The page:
My daughter is suddenly huge to me. I watched her this morning as she stood on her tippy toes and reached her hand into the bathroom sink for her dropped toothbrush. I was so surprised, I nearly blurted out a few words you're not supposed to say in front of children. Even though I have seen, held, and quite literally been attached to this child every single day for longer than I care to calculate, it's as though I was staring at someone new.
I know she's 18 months old, walking, talking, and feeding herself. I just told her pediatrician these very things. I also know her exact height, weight and head circumference. Yet, somehow, I was utterly shocked when I saw her at the bathroom sink. My baby girl looked like a giant to me. I know this didn't happen overnight. I know it's been a gradual occurrence. But I feel like I blinked and she went from baby to toddler and I missed it.
I shouldn't be surprised, I know. I've gone through this with my boys, too. I remember a month or so ago, sitting next to my oldest son, and did a double take at him when I realized there wasn't even a trace of baby fat left in his face. One day he had these adorable, fat little cheeks, and the next I have this big boy sitting next to me on the couch reading a book to himself.
With my daughter, it was the height of her reach, with my oldest it was the absence of his cheeks, and with my middle son, it was the size of a snuggle. I recall the feel of him in my lap for a good-night hug as the startling discovery. His legs had to hang over the side of the chair when they normally tucked neatly under my arm for our nightly snuggle. I should be used to these moments, but they shock me each time.
With each discovery, I find myself jolted into an awareness of the passage of time that simply floors me. I look at them, live with them, and care for them each and every day. Some days I find myself just wishing the time away, looking forward to the peace that bedtime brings. But then I have a moment of acute awareness like these and I want to cry for the lost time.
A friend recently posed a question with the coming of the New Year. "It's the end of a decade with this New Year," she said. "What are your highlights from the 2000's!" It hit me like a brick that pretty much EVERYTHING had happened for me in those past ten years. Two big moves, two career changes, three different houses, my marriage, and all three of my children. While that is a lot to go through in the span of ten years, even that seems shocking to me. Of course all of that takes time. But how is it possible that it's been ten whole years?
Does this mean I'm not the same fresh, young twenty-something I was at the turn of the century? (Remember all of the Y2K hoopla?) I swear I still feel like I'm that same girl in many ways, yet when I break it all down, how could I possibly be the same? Forgetting all else, becoming a mother completely changed my daily actions, my thoughts, my feelings, my perspective, my whole life! How is it that I can register all of the changes, but still wonder where the time has gone?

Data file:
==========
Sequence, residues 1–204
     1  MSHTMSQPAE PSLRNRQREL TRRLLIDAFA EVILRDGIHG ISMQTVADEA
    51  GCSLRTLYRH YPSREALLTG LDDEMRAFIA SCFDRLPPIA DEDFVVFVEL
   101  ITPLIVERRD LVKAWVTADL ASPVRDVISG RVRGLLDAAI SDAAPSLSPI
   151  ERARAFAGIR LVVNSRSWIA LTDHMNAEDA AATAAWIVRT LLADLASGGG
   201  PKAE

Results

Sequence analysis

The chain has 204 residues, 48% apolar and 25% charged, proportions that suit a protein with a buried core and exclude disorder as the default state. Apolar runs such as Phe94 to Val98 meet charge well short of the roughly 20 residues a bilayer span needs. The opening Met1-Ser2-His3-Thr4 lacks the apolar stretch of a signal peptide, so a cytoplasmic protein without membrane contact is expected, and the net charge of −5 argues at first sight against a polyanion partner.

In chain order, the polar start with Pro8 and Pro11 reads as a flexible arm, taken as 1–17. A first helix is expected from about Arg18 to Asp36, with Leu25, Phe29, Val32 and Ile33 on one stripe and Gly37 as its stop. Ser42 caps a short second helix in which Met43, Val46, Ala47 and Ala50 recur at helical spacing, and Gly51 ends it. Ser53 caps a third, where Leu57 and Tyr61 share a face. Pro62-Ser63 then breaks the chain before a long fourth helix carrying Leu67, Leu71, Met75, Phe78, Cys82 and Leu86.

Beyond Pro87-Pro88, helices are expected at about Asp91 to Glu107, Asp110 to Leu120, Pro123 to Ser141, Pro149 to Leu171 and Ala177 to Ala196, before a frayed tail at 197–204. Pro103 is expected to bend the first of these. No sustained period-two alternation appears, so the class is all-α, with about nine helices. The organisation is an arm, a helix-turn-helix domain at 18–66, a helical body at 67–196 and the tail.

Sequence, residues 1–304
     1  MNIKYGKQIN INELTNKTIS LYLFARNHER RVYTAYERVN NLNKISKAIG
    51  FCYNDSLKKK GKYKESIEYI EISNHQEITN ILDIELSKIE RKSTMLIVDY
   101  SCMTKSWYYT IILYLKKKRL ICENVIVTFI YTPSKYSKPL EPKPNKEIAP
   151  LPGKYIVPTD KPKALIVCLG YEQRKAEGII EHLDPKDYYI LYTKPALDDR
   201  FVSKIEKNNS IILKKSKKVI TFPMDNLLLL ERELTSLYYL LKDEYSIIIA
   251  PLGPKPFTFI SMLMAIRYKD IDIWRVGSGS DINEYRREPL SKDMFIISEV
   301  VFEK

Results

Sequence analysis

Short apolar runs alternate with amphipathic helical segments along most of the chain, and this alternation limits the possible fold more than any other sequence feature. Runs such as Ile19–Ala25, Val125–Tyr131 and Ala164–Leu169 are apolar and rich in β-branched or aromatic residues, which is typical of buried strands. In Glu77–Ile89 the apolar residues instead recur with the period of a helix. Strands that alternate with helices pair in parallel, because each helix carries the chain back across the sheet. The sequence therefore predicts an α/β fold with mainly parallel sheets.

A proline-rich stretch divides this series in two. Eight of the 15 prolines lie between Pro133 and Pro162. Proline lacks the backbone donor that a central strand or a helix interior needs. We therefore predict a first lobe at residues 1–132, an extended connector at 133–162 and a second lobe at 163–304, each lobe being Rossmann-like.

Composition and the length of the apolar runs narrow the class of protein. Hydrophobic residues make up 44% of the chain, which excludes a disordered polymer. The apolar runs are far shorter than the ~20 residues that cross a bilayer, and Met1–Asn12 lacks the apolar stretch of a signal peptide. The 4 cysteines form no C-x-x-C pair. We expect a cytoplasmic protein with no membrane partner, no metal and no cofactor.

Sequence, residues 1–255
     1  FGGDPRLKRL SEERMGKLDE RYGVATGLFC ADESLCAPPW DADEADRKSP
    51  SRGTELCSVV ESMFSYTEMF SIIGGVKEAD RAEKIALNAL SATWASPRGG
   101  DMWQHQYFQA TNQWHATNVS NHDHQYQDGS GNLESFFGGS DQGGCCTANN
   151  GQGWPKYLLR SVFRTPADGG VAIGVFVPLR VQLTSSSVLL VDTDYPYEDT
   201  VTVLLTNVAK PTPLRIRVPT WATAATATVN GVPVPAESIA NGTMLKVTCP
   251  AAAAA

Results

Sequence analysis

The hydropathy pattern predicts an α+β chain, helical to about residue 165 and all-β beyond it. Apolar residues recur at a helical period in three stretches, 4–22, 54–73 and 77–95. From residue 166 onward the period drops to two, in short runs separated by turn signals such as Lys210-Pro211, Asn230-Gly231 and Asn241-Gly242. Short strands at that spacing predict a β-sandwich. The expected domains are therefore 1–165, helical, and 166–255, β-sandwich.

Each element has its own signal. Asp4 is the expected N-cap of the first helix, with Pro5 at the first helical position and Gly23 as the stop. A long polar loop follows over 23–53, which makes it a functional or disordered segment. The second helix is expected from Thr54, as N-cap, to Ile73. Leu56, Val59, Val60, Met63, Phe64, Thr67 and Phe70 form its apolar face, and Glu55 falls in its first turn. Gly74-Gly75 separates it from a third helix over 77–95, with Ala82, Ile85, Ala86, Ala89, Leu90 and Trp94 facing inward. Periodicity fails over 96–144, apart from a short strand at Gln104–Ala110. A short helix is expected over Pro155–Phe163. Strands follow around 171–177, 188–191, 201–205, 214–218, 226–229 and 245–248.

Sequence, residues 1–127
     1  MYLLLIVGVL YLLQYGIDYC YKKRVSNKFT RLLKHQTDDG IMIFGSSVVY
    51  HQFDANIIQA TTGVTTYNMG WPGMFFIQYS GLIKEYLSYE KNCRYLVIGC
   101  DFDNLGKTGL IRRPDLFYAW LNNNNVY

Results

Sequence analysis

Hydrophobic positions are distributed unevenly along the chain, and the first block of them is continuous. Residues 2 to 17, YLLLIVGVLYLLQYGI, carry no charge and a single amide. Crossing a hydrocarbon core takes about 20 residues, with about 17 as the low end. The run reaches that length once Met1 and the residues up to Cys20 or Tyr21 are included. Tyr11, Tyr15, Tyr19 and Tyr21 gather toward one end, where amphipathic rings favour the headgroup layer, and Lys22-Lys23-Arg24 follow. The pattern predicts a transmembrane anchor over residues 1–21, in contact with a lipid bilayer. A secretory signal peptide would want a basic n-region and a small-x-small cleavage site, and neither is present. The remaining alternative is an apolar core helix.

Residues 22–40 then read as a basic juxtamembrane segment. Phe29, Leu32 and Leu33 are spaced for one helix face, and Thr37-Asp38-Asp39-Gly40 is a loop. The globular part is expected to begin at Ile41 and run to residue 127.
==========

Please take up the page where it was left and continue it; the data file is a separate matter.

My children love to stand next to their growth chart as we visibly mark their progress. Yet I don't seem to really SEE them as changed with the big milestones like birthdays, doctor's appointments and new clothing sizes. It's the little things that come without warning that seem to bowl me over, leaving me feeling like the wind has been knocked out of me.
My daughter's reach, my son's cheeks, or the feel of a snuggle. It's as though time is whizzing by in a warped rush of life that moves so quickly we don't notice it. But then I get a glimpse of my children, frozen for a moment, that makes me hold my breath because I can actually see the passage of time in them. I breathe again and the moment is gone, and the time warp picks up where it left off.
I'm grateful for those frozen moments, but wish I could anticipate them a bit more so I'd feel less shell-shocked when they occur. They remind me to try to slow down and appreciate my kids while they're little, just like all grandparents tell us we must do. It makes me sad to know that, as youth is wasted on the young, so is that sort of advice wasted on young mothers. We adore our children, and hopefully we're all blessed with lovely frozen moments to appreciate them. But reality whooshes in and leaves us frazzled, just wishing for bedtime more days than we care to admit.
With a new year in a new decade, I guess I'm supposed to make all kinds of big resolutions and promises and goals, but I'm not. Instead, I'm choosing to just make note of the little things like reach, cheeks, and snuggles. We may live in a time warp, but I'm living for those frozen moments.
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